Does your CMS fit?
This article was originally published as part of our Connective Thinking newsletter (delivered every full moon). Since it’s especially relevant to our CMS Myth readers, we’d love to hear what you think.
Searching for the perfect web content management system can be a long and bewildering journey. One littered with hundreds of vendors, aggressive sales tactics, confusing terminology and a smorgasbord of features you may never use.
Traditional thinking in the CMS selection process includes jotting down a list of desired features, watching a generic demo and evaluating vendors based on who ‘checks the most boxes’ and gives the best end-of-quarter pricing. This process is fundamentally flawed and all too often results in poor technology selections and dismal implementations.
We believe there is a better approach. One that takes a holistic look at how CMS fits into the organization and aligns technology to key business processes and marketing strategies.
Our fundamental belief is that there are not good or bad content management systems – simply ones that are a better or worse fit for each organization. We’ve developed six fit factors to consider when evaluating web content management systems.
While the underlying technology should not be the first consideration, the technical fit is very important. After all, the CMS needs to fit into your existing web infrastructure, align with internal developer skill sets and scale to meet the future needs of the organization.
It becomes increasingly important within enterprise organizations that have standardized platforms and application frameworks. We’ve yet to meet a developer without strong opinions about software applications. However, it’s important that the technical fit is evaluated based on the long term needs of the organization, not the preferences of a single developer.
Talking about culture and CMS together sounds like squishy science to many involved in a technology selection process. Looking inward to assess cultural fit factors like staff skills, their adaptability and old-fashioned agreeability, can make or break the ultimate success of the implementation.
Finding publishing tools that have a familiar paradigm for internal users can help with adoption. In one case a global organization felt more comfortable with a European vendor because the product had a more familiar orientation for its international users. Sometimes a CMS just “feels right” and that’s a critical fit factor to keep in mind.
At the end of the day, a CMS needs to support business critical scenarios within the organization. Different site types have different processes. A large ad-supported content site has different needs than a document-rich Intranet.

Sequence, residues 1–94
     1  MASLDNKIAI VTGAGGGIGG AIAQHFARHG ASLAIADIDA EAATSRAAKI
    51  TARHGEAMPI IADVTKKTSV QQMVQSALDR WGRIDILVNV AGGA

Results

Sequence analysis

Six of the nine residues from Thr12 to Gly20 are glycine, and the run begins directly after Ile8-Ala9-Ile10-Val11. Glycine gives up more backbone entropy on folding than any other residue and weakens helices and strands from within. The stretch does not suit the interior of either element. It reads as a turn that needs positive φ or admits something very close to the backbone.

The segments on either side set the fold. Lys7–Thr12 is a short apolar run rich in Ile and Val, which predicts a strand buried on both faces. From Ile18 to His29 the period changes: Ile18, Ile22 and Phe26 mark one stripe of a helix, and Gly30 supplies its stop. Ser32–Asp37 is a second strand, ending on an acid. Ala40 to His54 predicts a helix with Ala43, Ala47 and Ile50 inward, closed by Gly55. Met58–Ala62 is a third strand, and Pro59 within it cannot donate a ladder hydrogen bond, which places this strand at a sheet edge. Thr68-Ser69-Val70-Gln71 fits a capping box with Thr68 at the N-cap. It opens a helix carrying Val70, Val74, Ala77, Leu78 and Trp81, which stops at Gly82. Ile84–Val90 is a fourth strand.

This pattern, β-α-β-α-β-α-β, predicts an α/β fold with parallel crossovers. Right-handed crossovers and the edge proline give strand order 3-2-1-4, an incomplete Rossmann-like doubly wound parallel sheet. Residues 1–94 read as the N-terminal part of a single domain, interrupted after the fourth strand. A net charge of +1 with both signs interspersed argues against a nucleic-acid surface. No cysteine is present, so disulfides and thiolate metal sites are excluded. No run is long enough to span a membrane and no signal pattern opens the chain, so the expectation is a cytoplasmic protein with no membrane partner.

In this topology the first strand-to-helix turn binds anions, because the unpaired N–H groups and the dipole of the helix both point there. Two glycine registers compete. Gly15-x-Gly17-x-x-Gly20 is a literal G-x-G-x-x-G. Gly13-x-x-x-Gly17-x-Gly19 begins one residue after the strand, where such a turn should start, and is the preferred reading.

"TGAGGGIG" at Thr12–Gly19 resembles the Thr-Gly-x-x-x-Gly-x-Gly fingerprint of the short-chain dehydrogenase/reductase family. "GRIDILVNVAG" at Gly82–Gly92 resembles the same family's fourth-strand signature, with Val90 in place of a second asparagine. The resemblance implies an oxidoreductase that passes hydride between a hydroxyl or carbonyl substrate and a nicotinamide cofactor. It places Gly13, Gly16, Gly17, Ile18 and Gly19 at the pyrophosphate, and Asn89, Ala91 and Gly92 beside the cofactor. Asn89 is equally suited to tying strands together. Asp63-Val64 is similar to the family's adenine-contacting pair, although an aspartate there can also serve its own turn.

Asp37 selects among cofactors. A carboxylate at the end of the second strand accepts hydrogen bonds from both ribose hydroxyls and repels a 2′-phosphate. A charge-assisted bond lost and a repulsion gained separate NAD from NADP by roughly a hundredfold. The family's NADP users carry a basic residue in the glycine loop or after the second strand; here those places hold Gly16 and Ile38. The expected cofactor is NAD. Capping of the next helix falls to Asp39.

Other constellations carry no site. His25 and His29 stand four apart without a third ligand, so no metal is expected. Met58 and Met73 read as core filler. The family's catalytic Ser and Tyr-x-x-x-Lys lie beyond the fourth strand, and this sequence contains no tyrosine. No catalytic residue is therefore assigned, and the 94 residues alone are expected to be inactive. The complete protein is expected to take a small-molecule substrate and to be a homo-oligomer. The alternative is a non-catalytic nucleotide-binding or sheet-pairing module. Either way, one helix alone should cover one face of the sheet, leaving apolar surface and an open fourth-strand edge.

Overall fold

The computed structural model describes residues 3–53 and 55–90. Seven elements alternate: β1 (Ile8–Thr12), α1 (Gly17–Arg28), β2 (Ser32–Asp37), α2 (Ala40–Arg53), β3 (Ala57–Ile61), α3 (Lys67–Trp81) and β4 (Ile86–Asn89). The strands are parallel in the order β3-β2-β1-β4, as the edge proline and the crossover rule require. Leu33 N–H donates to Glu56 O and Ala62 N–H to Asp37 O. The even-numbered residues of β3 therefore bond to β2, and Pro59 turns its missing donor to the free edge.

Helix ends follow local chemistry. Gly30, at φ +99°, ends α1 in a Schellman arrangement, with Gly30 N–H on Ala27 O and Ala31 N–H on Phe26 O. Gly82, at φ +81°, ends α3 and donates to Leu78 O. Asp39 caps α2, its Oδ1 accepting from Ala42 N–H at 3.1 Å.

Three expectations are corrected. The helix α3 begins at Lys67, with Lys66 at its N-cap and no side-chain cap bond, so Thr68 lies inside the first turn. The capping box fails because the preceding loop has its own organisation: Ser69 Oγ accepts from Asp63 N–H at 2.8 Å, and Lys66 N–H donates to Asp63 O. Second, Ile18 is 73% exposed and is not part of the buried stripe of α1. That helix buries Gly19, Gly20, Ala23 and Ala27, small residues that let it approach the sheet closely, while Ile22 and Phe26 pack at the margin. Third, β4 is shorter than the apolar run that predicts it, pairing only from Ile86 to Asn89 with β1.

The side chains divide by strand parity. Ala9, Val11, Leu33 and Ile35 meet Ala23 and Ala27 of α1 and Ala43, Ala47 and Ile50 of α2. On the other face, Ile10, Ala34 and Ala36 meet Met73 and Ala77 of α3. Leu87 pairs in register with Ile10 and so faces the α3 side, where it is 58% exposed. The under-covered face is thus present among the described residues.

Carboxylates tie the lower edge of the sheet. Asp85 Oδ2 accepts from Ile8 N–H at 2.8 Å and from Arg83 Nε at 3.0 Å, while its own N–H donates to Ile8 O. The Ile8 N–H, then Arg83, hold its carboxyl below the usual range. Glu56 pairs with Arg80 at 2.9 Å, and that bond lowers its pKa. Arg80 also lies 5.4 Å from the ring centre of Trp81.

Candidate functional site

Key processes may include sharing content across multiple sites, building complex forms for marketing campaigns or rapidly provisioning new microsites for sales. Organizations should painstakingly document these processes and insist vendors include them in the demos and proof of concepts.
CMS evaluations all too often start and stop with the feature lists. While features are important, they should be evaluated in the larger context of the six fit factors. It’s important to isolate the feature-driven requirements for your organization that will differentiate the vendors.
Be wary of the vendor that promises to do everything within the CMS. Some of the more attractive features are often bolted onto the core product and don’t represent best of breed functionality. Keep in mind a CMS is only one piece of your web infrastructure. The evaluation process can run amuck when organizations insist on features that are not core to content management technology.
The marketing fit may be the most overlooked factor as strategic ownership of the web has swung from IT to the marketing department. For many organizations, the CMS has to support complex marketing requirements to bolster search engine optimization, landing pages, forms and multivariate testing.
CMS vendors are scrambling to sell into marketing, but many products are still far too IT-driven and ill suited to support a complex marketing organization. As with the feature fit, it’s essential to identify what your CMS will handle and where you will look to external tools. Features like analytics and e-mail marketing for example are almost always better left to an external application.
Selecting a CMS goes far beyond buying a piece of software. It’s a partnership with an organization that will be helping to drive your web infrastructure for years to come. Go beyond calling client references to look at the long term viability of the organization, product roadmap, market momentum and partner landscape. Insist on seeing the product roadmap to confirm it aligns with your future goals. Look at the training and support offerings and make sure that this is an organization you can see yourself with for at least five years.
Finding Your Match
While there is a lot to consider, finding the right CMS is one of the more important technology decisions and organization will make. A CMS is no longer a piece of software to run a website. It’s a publishing platform to run your business. Looking at the six fit factors will help you make a more informed decision and take into account the needs of the entire organization.
What other fit factors have you used to help guide your CMS selection? Leave a comment and share your story.